Weekly Market Analysis – 10 September 2018 BMO

WEEK IN REVIEW – 03 to 07 September 2018 :
Three-Week Rally Comes to an End as Tech Shares Slide

Investors returned from the extended Labor Day weekend in a selling mood, pulling stocks away from last week’s record highs. The S&P 500 ended the week with a loss of 1.0%, while the tech-heavy Nasdaq Composite dropped 2.6%. The Dow Jones Industrial Average showed relative strength, but still finished lower by 0.2%.

The week kicked off with Amazon (AMZN) becoming the second U.S. company, after Apple (AAPL), to reach a market cap of $1 trillion and with Nike (NKE) unveiling a controversial ad for the 30th anniversary of its “Just Do It” campaign that features Colin Kaepernick, the former San Francisco 49ers quarterback credited with starting the national anthem protests. Amazon soon fell back after touching the $1 trillion milestone on Tuesday though, ending the week with a market cap of $952 billion.

On the Gulf Coast, residents braced for Tropical Storm Gordon to make landfall, which it did on Tuesday evening. Oil prices rallied in anticipation of the storm disrupting crude production, but gave back all of those gains after the storm turned out to be less damaging than feared. Oil prices then fell further on Thursday when the EIA’s weekly inventory report showed a 4.3 million barrel drop in crude stockpiles, but a 1.8 million barrel jump in inventories of gasoline. In total, WTI crude futures lost 2.9% this week, settling Friday at $67.76/bbl, and the oil-sensitive energy sector lost 2.3%.

The top-weighted information technology sector also underperformed this week, dropping 2.9%. Within the group, social media names were in focus after Facebook’s (FB) COO, Sheryl Sandberg, and Twitter’s (TWTR) CEO, Jack Dorsey, testified before the Senate Intelligence Committee on Wednesday morning, defending their efforts to prevent election meddling. Mr. Dorsey also appeared before the House Energy and Commerce Committee in the afternoon, rebuking allegations that Twitter promotes certain political ideologies. The hearings didn’t produce any new information of note, but that didn’t prevent Facebook and Twitter shares from tumbling 2.3% and 6.1% on Wednesday, respectively.

On the trade front, U.S.-China trade tensions resurfaced at the tail end of the week, as many thought the White House would impose tariffs on $200 billion worth of Chinese goods on Thursday at midnight following the end of a public comment period. That didn’t happen, but President Trump did raise the stakes on Friday, saying that he’s got another tranche of tariffs on $267 billion of Chinese goods “ready to go” if Beijing retaliates to the $200 billion tranche.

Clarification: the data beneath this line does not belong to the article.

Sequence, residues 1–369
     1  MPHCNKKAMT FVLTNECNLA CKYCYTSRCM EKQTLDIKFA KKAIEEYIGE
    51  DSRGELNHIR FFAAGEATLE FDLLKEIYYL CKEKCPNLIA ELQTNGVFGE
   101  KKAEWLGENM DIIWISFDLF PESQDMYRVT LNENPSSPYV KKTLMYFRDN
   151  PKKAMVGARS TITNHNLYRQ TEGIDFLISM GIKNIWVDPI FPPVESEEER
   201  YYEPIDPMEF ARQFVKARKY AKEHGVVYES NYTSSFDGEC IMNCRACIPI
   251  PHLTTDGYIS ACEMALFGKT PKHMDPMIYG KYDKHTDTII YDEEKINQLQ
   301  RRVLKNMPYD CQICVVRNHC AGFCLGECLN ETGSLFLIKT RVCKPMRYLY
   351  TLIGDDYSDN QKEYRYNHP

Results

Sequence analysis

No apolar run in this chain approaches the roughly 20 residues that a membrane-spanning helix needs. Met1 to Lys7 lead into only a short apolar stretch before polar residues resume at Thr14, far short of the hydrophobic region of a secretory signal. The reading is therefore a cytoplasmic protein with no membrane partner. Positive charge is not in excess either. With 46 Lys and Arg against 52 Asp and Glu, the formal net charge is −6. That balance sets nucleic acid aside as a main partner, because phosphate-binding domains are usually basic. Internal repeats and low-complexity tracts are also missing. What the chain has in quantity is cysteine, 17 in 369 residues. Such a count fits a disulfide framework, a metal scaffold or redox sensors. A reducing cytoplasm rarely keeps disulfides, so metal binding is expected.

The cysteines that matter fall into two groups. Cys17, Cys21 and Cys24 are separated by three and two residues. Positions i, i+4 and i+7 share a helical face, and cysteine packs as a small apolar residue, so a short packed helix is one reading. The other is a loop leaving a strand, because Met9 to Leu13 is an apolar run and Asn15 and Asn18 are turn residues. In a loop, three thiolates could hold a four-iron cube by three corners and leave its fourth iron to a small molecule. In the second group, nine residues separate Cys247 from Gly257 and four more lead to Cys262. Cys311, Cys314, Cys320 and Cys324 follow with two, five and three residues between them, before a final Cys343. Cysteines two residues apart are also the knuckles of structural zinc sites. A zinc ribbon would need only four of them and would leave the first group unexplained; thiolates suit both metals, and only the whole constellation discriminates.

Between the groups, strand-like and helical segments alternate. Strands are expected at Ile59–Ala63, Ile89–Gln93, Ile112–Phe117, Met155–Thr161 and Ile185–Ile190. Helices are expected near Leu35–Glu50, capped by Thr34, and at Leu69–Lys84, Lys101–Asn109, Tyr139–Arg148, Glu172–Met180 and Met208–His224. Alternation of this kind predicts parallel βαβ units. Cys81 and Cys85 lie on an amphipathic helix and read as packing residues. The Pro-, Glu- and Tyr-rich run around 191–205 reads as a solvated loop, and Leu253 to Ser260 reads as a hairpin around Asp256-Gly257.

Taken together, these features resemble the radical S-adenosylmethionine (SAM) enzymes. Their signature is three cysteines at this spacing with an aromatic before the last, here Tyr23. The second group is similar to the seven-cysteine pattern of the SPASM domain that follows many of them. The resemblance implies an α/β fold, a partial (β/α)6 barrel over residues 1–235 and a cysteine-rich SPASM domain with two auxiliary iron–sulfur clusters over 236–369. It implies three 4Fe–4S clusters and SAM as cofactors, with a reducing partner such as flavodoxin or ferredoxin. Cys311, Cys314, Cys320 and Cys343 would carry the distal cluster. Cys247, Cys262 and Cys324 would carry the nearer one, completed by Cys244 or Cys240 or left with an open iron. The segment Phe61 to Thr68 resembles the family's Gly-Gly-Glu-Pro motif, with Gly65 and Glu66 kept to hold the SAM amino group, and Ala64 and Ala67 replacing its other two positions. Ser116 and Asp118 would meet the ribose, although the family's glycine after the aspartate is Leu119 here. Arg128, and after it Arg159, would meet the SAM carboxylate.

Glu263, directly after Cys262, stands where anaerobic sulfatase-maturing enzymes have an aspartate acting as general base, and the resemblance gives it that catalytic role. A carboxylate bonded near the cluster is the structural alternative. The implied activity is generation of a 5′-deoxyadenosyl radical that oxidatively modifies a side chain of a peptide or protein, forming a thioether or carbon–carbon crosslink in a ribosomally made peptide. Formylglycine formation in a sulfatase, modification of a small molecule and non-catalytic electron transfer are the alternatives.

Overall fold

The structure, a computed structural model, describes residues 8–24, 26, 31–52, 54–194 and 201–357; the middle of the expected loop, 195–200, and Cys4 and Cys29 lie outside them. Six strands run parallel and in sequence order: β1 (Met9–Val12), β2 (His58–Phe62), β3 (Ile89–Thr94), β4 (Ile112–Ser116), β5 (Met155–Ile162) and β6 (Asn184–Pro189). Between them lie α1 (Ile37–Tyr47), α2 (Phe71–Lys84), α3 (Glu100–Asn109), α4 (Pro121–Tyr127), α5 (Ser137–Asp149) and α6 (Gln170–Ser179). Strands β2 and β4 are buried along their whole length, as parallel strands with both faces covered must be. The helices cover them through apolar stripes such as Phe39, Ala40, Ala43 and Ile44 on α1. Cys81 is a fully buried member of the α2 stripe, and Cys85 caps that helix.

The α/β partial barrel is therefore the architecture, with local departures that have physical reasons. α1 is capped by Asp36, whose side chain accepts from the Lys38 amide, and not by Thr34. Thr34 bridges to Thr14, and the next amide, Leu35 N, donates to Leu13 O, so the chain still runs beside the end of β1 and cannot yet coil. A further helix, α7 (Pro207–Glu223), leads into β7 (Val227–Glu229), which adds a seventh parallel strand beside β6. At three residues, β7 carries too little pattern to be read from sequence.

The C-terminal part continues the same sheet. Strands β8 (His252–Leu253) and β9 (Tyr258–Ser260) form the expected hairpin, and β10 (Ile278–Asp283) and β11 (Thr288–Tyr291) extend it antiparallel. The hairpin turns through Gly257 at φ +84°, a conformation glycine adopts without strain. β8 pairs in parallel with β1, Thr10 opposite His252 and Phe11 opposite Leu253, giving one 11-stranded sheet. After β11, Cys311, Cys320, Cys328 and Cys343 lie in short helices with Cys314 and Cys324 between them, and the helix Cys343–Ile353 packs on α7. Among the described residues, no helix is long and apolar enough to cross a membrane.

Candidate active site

On a related note, trade talks between the U.S. and Canada resumed this week after the two sides failed to reach an agreement last Friday, but investors were skeptical that a deal would get done after President Trump tweeted on Saturday that there’s “no political necessity to keep Canada in the new NAFTA deal.” As of Friday’s closing bell, officials still had not reached an agreement.

In economic data, the Employment Situation report for August crossed the wires on Friday morning, causing some knee-jerk selling due to a higher-than-expected increase in average hourly earnings (+0.4% actual vs +0.2% consensus), which ignited some fears that inflation might be picking up. However, the realization that the economy is still strong, evidenced by a larger-than-expected increase in nonfarm payrolls (+201K actual vs +187K consensus) and an unemployment rate of 3.9%, helped keep losses in check.

As for the Fed, Friday’s jobs report virtually locked in a September rate hike and increased the chances of a December rate hike to 79.8% from 72.8% on Thursday.

(Economic Excerpts from Briefing.com)

Tuesday 04 September

ISM Manufacturing Index for August Hits Highest Level Since May 2004

The ISM Manufacturing Index for August checked in at 61.3% (consensus 57.6%), which is the highest level since May 2004. The dividing line between expansion and contraction is 50.0; and August marked the 24th consecutive month of expansion. The key takeaway from the report is that manufacturing activity is robust and consistent with a strong economy.

Wednesday 05 September

Trade Deficit Increases in July, Will Be a Drag on Q3 GDP Growth

The trade deficit widened to $50.1 bln in July (consensus -$50.6 bln) from an upwardly revised $45.7 bln (from -$46.3 bln) in June. That was the largest monthly increase in the deficit reportedly since 2015.

The key takeaway from the report is twofold: (1) the widening deficit will create a drag on Q3 GDP growth and (2) the July report is going to fan the Trump Administration’s flames about trade matters as it showed an increase in the deficit with both the European Union and China.

Thursday 06 September – Initial Claims Just Keep Getting Better

Initial Claims 203K vs 214K consensus; Prior 213K. Initial claims for the week ending September 1 decreased by 10,000 to 203,000 (consensus 214,000), which is the lowest level of initial claims since December 6, 1969.  Continuing claims for the week ending August 25 decreased by 3,000 to 1.707 million. The key takeaway from the report is that it is consistent with a tight labor market, as employers appear reluctant to cut payrolls.

Friday 07 September – Wage Growth Picks Up in August; Highest Since May 2009

The biggest surprise in the August employment report was the 0.4% increase in average hourly earnings. That pushed the year-over-year rate to 2.9%, which is the highest since May 2009. The wage growth should be regarded as good news, yet the key takeaway for the market is that it will keep the Fed in a tightening gear, which most likely includes two more rate hikes before the year is done.

Friday 07 September